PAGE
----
When it comes to hiring, there are enough potential legal and regulatory challenges to keep any HR manager awake at night.

Despite this, a recent Nasdaq report says 85 percent of HR managers believe their company has proper measures in place to prevent discrimination.

This doesn’t quite line up with the fact that the same report says 61 percent of US employees have experienced or witnessed some type of workplace discrimination.

The reality is that some hiring teams may not know their recruitment process or company culture is due for an immediate overhaul.

They may not know about unconscious bias, an insidious form of discrimination that can take place even before candidates sit down for an interview. It can infect the hiring process in a way that may destroy the integrity and reputation of your company, and can have catastrophic legal repercussions.

Could your company be breaking the law by screening out quality candidates due to race, gender, age or other characteristics within protected categories?

In 2019, the University of California, Berkeley and the University of Chicago conducted a study of 108 of America’s largest companies.

The New York Times reported that in the study, applicants with varied characteristics sent 83,000 fake applications in response to entry level job postings.

Names were chosen to ensure applications arrived in pairs, with one bearing a more traditional white name, like Jake or Molly, and the other with a similar background but a more distinctive Black name, like DeShawn or Imani.

For every 1,000 applications received, researchers found that white candidates got about 250 responses, compared with about 230 for Black candidates.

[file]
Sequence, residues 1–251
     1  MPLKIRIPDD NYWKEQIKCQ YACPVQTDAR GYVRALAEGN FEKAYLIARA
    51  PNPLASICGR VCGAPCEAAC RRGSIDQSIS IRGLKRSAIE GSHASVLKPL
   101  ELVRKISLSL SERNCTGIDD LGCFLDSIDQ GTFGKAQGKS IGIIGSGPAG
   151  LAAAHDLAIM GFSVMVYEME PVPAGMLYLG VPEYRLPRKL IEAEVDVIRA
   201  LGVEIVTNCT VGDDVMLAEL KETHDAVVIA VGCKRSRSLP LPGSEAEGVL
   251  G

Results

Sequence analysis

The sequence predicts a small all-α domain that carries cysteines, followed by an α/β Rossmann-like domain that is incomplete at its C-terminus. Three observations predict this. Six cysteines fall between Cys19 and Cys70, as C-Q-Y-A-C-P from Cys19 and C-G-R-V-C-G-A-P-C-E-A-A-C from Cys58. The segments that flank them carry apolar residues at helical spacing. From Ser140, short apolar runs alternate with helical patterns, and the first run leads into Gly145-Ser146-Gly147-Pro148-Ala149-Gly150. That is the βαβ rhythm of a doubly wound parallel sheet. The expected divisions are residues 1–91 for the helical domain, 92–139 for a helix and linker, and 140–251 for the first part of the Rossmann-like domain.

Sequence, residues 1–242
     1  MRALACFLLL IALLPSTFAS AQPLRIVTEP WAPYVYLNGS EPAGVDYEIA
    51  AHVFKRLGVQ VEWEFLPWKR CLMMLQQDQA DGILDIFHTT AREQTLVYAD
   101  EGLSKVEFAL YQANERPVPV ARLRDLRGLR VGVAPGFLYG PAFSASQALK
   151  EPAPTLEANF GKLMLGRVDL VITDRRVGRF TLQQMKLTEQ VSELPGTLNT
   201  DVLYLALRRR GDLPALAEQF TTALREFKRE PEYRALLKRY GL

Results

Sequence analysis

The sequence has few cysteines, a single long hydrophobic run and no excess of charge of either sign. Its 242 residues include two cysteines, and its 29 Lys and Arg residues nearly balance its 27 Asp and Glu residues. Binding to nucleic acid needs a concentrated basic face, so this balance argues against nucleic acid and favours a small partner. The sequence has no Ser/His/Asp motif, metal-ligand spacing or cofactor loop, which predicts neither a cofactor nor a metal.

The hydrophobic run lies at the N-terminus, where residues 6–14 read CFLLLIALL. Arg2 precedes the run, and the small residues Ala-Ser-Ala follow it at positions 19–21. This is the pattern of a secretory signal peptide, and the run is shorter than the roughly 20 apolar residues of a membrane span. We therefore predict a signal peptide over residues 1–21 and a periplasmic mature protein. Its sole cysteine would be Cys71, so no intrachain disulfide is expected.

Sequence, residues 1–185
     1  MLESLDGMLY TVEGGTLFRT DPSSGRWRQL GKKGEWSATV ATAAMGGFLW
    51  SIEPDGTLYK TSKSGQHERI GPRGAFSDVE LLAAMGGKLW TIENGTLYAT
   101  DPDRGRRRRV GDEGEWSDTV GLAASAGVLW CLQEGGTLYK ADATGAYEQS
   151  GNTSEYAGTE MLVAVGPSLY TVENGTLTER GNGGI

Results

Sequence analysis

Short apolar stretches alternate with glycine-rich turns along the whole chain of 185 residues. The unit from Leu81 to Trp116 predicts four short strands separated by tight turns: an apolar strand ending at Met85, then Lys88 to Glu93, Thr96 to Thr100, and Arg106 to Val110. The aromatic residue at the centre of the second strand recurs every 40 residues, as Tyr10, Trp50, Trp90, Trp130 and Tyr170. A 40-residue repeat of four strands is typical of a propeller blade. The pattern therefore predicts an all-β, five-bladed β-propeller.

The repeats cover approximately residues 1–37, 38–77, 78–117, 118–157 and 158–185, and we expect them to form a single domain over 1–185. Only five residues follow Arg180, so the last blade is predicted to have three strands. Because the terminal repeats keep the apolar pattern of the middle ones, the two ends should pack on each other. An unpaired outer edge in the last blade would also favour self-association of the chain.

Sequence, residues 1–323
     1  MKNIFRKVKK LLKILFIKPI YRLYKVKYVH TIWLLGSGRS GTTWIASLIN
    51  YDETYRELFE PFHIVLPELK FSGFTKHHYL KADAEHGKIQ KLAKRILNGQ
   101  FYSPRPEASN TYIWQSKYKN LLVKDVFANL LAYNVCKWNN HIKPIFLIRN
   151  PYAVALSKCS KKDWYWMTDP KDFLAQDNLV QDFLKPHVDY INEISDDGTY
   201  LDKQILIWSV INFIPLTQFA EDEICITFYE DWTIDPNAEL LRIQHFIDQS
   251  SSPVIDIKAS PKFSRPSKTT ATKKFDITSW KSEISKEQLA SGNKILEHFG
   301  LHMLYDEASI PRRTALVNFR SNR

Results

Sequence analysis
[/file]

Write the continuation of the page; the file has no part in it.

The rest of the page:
If you think your company is beyond this type of archaic and harmful recruitment practice, it’s worth noting that most of the companies in the study can be found in the top 100 of the Fortune 500 list.

These are companies with serious in-house HR talent. Entire HR departments.

As with personal shortcomings, it can be difficult to identify weaknesses when we are too close to the problem.

That’s why outsourced talent can be a tremendous help in shining a light on practices that could destroy your reputation and result in devastating legal issues.

Experience can be a double-edge sword: seasoned HR professionals may offer decades of know-how when it comes to onboarding.

But they may not be up to speed on training, trends, and compliance around legal and regulatory issues that have become top of mind in recent years, including data protection and privacy.

RPO can provide the critical expertise needed to navigate these challenges.

A good RPO partner will:

1. Understand General Data Protection Regulation and issues around background checks and storing or disseminating a candidate’s personal information to ensure compliance with current privacy laws.

2. Use policies and procedures designed to prevent discrimination when sourcing candidates, and throughout the entire recruitment and onboarding process.

3. Work with your team to implement policies tailored to your industry and ensure a fair and efficient hiring process.

4. Offer in-house training on discrimination laws, how to implement systems that monitor and report discrimination, and carry out regular audits to ensure compliance.

5. Act as a sounding board for your team, answering questions around best practices, and providing direction where compliance is in question.

You may have questions now. Don’t wait until an outdated policy or team member causes a full-blown legal challenge that damages your reputation, perhaps irreparably.

Contact us about the benefits of an RPO partnership, or to book a recruitment policy and compliance audit.